A leading Canberra planning expert says claims that the Doma site on Limestone Avenue contains significant Aboriginal heritage show up a critical gap in the ACT’s planning processes with no inherent protections for important Aboriginal heritage sites.
Ngambri elder Shane Mortimer says that Doma’s Foothills complex, planned for the former CSIRO site at the foot of Mt Ainslie, threatens a place traditionally used for sacred men’s business.
Mr Mortimer says the site’s significance is bolstered by reports he commissioned from archaeologists at the Geological Society of Australia and Geoheritage Australasia, and materials collected in the 1930s and held in the British Museum. But there has been no investigation of the site’s Indigenous heritage since it was sold by the Commonwealth in 2002.
Local residents have also expressed concern over the size and scale of the planned development, which falls within the remit of the National Capital Authority because of its location. The Commonwealth has approved plans that would clear the site including rocky outcrops that Mr Mortimer says hold particular significance.
Dr Ed Wensing is a qualified urban and regional planner with over 50 years’ experience and has spent the past 25 years working with Aboriginal and Torres Strait Islander peoples around Australia on matters relating to land administration, land use planning, native title rights and interests, and statutory land rights schemes and heritage protection schemes.
He says the development exposes deep flaws in planning systems here in the ACT and around the country, which largely fail to take into account that this land was owned and occupied by Aboriginal peoples for many thousands of years.
Dr Wensing says that with the exception of Queensland, no jurisdiction provides sufficient protections for the recognition of Aboriginal and Torres Strait Islander peoples’ continuing rights and interests in land, regardless of native title or whether sites have been examined for heritage relics.
“The issues raised by Mr Mortimer highlight the fact that both the ACT and Commonwealth’s planning legislation relating to the ACT are seriously flawed when they come to the recognition of Aboriginal peoples’ rights and interests in the ACT,” Dr Wensing said.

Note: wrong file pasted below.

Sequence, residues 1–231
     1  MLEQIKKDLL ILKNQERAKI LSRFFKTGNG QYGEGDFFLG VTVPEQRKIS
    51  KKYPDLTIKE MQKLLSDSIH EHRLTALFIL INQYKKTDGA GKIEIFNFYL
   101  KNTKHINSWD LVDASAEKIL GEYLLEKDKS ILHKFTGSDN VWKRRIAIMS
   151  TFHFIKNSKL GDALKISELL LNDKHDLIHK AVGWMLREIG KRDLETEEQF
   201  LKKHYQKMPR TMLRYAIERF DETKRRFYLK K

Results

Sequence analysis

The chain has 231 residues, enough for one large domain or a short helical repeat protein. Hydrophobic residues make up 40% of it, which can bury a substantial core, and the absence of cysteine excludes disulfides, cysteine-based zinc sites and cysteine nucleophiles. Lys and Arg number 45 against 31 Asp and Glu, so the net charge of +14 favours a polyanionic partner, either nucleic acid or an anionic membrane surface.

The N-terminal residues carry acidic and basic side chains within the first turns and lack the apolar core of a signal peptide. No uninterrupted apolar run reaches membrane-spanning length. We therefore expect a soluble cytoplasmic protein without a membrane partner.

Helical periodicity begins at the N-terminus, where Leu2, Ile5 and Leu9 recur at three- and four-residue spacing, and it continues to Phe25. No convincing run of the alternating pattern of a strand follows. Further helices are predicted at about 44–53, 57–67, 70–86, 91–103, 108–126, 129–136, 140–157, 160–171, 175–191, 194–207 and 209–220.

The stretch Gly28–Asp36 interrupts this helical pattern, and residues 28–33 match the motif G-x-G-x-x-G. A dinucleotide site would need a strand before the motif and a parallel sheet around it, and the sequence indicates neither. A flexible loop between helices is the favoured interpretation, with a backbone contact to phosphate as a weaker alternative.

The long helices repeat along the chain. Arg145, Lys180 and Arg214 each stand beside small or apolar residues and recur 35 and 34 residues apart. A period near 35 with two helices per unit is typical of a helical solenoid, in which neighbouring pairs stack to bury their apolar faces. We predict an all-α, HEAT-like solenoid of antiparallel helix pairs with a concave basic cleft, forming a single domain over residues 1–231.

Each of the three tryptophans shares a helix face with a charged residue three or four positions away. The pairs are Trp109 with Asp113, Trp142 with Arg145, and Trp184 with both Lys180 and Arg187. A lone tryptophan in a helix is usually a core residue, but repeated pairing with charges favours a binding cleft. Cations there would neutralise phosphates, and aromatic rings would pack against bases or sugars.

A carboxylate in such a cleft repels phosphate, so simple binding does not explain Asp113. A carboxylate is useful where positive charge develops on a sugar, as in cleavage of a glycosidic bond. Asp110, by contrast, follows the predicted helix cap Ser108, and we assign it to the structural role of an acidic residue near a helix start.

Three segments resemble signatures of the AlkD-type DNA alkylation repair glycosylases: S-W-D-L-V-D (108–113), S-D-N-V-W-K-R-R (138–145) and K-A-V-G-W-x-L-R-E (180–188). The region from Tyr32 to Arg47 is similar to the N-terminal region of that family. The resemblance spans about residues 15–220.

“There are no specific provisions protecting the interests of the Aboriginal custodians of the ACT in either of the planning statutes governing land use planning in the ACT. This oversight in the statutes only aggravates situations such as the Doma site on the foothills of Mt Ainslie.”
He believes there is an overriding moral obligation to follow in the footsteps of Queensland planning legislation, which mandates “valuing, protecting and promoting Aboriginal and Torres Strait Islander knowledge, culture and tradition”.
Dr Wensing has called for an immediate halt to Doma’s development approval until the Aboriginal values of the site are assessed and development plans amended accordingly. He’s also asking for a public review of planning statutes.
However, he says folding the issues into heritage legislation is not the answer.
“We’ve failed to recognise a culture who lived sustainably here for thousands of years. Heritage legislation is not the solution. It steals control away from people who lay those traditional claims to ownership, and it enables the government to still have the final say.
“Our planning and land administration systems are not working very well at recognising and protecting Aboriginal peoples’ interests regardless of whether they have been formally recognised or not.”
Shane West, Professor of Building and Construction Management at the University of Canberra, says the site has multiple layers of significance and that the Ainslie Volcanics, as the rocky outcrops are known, were nominated but not accepted for ACT Heritage listing in 2012.
It was initially intended that the outcrops would be protected within the development zone, and Professor West says that during the CSIRO’s tenure, environmentally significant elements were identified including the presence of the golden sun moth, sunray daisies, and possibly spider orchids and button wrinkleworts.
“This was also the first quarry on the Limestone Plains … and it is the last remnant of grassland in contact with woodland and the mountain,” Professor West said.
An eight-story building development and tennis courts on the outcrops site were inappropriate for the foothills of Mt Ainslie, he said. Additionally, the planned extensive development was serviced only by a single bus route and did not comply with high-density regulations requiring proximity to shops and transport. Views of Mt Ainslie would also be impeded, contrary to the Griffin plan
“The NCA needs a major overhaul. Appropriate pathways have not been followed, in conflict with the territory plan for the area” Professor West said. “The Aboriginal significance must now be re-evaluated.”